Unfortunately, despite the existence of legally binding agreements such as the International Convention on Civil and Political Rights (ICCPR), governments have continued with their criminal conduct and have initiated acts of reprisals against those who expose human rights violations. International law recognizes such situations and have set up mechanisms for redress. In the event of the failure of these processes, political theorists, such as in the case of John Locke, a breach of the social contract makes revolution a duty, a necessity to frustrate tyranny. This is mirrored in many constitutions and have led to an international recognition that there exists an individual and collective right of resistance against governments who are found to be violating human rights.
The United Nations Educational, Social, and Cultural Organization Experts’ Conference in 1981 also strengthens this by adding:
The means of resistance must be proportionate to the gravity of the human rights which are being violated; and the violent resistance may only be relied upon as a last resort in extreme situations after all nonviolent means of resistance have been exhausted.
International agreements and conferences have recognized this entire spectrum of response against repression and oppression. Acts of reprisal such as those perpetrated by the Duterte regime has been a common response. We reiterate that lawyers, journalists and human rights defenders are well within their rights and advocacy to expose the truth and demand answers. Lawyering and journalism are not crimes. What is apparent though, after two alleged ouster plots, is the regime’s is increased vindictiveness, triggered by insecurities, which stem from its inability to solve the country’s problems.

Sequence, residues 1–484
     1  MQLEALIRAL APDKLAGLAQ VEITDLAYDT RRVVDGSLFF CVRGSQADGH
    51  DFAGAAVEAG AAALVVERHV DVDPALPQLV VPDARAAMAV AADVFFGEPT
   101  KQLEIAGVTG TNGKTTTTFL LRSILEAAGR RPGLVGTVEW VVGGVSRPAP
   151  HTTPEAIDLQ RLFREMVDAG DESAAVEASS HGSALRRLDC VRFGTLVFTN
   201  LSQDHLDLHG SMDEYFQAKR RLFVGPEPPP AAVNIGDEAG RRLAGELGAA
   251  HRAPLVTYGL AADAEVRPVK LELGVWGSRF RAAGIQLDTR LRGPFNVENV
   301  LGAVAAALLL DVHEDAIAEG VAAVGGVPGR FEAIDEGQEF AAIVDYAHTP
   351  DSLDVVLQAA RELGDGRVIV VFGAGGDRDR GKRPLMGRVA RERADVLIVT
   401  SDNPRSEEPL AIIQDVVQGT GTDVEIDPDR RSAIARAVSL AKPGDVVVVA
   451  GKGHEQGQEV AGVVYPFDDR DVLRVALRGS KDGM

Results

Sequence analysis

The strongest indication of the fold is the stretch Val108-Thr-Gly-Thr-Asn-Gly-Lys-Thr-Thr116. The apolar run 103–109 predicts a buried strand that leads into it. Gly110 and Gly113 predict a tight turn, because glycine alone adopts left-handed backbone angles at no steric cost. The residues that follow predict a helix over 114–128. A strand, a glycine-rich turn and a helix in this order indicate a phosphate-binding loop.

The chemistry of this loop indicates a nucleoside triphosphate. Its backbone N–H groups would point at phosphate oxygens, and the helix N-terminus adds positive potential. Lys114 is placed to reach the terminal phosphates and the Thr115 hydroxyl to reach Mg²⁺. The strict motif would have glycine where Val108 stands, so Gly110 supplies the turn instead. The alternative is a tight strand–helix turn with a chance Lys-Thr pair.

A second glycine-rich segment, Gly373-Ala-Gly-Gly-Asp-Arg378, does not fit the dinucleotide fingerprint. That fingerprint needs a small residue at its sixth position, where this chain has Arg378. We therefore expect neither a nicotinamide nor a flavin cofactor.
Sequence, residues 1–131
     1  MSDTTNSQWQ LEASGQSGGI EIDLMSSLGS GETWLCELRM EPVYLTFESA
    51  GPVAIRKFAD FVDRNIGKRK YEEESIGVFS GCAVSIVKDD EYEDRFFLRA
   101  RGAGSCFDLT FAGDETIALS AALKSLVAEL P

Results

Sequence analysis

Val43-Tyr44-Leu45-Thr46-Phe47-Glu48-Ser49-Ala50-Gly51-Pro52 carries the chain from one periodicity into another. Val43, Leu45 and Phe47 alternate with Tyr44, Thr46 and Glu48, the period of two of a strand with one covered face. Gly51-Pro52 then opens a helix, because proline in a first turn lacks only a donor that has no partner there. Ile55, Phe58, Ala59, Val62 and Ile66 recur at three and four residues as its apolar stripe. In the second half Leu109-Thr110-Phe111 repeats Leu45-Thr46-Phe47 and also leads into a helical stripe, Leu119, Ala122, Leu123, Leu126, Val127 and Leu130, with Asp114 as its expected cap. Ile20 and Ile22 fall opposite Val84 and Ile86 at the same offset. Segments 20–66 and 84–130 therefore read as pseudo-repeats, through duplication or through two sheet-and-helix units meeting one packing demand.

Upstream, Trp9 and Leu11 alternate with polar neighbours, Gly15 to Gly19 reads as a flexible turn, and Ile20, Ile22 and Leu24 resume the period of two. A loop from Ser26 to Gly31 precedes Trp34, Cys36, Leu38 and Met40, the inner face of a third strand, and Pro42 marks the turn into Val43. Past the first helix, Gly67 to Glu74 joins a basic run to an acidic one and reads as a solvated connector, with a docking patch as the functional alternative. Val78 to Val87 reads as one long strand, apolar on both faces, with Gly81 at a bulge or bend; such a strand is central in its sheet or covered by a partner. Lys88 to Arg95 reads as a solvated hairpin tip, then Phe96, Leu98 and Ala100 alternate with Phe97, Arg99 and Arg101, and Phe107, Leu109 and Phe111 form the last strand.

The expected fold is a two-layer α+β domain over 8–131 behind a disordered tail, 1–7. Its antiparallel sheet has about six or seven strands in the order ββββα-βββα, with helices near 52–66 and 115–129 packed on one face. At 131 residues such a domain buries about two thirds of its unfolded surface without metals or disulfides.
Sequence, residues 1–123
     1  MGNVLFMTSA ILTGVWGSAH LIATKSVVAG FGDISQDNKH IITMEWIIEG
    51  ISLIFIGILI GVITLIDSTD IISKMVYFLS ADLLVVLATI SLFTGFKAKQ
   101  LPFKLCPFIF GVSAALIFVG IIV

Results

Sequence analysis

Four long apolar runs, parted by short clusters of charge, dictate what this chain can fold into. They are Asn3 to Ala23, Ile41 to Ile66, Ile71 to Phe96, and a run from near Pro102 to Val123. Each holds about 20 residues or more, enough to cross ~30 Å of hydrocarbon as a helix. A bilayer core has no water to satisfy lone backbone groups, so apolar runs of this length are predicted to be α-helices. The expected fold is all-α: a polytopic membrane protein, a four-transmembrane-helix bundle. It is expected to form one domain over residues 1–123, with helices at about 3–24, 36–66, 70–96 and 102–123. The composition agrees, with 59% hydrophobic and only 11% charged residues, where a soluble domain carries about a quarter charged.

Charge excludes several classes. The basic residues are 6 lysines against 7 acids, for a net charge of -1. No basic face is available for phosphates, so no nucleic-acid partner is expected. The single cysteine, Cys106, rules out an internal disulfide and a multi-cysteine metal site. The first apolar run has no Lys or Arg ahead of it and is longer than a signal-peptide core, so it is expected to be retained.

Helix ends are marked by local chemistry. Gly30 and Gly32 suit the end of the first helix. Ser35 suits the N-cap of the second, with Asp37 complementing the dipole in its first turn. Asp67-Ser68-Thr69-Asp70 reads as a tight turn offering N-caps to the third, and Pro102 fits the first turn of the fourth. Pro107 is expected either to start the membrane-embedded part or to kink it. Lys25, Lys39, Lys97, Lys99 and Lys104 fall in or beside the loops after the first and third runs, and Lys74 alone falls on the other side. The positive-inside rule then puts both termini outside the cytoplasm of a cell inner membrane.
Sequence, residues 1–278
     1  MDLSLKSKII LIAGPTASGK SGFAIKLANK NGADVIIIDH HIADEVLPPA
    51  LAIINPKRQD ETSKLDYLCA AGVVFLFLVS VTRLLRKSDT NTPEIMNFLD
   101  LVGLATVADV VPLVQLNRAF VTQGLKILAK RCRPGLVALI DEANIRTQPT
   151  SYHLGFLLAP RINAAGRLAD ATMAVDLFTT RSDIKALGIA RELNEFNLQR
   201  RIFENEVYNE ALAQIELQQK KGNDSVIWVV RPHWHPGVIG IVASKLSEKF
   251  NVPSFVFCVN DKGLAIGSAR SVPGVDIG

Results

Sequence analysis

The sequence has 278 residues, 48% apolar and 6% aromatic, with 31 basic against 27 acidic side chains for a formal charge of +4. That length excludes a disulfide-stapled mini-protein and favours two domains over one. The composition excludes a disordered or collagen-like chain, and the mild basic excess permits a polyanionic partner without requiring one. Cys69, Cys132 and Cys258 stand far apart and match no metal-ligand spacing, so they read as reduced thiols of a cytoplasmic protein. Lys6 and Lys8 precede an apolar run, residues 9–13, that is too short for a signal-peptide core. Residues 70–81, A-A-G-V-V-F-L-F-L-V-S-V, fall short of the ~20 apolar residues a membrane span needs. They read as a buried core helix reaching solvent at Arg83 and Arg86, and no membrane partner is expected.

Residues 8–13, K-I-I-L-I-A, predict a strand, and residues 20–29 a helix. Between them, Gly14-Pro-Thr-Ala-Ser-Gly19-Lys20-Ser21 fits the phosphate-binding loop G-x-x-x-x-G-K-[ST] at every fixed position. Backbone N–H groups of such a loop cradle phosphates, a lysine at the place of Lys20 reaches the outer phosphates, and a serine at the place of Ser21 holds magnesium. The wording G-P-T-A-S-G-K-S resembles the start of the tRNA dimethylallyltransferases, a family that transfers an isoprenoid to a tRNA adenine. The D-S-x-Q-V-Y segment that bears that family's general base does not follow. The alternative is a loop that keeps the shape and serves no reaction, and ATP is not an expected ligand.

The government is accorded with power and resources, but always with accountability and duty to realize a life of dignity for its citizens. The exercise of the people’s right to resist is a reminder to governments, particularly the Philippine government, that their effort to criminalize people raising legitimate demands betrays their own insecurity and fear of accountability.
The movement built by the Filipino people for justice and accountability, whether it be on the calls for Duterte’s ouster, Duterte’s resignation, investigations by international and domestic courts, widespread protests, among others, is a valid and legitimate recourse that the Filipino people can exercise. Let us not let repressive forces make us believe otherwise. When history teaches the world that power emanates from the people, it is not mere rhetoric, but a warning to tyrants that repressive regimes.
* The author is the coordinator of Tanggol Bayi, an association of women human rights defenders in the Philippines, and a member of Karapatan’s National Council.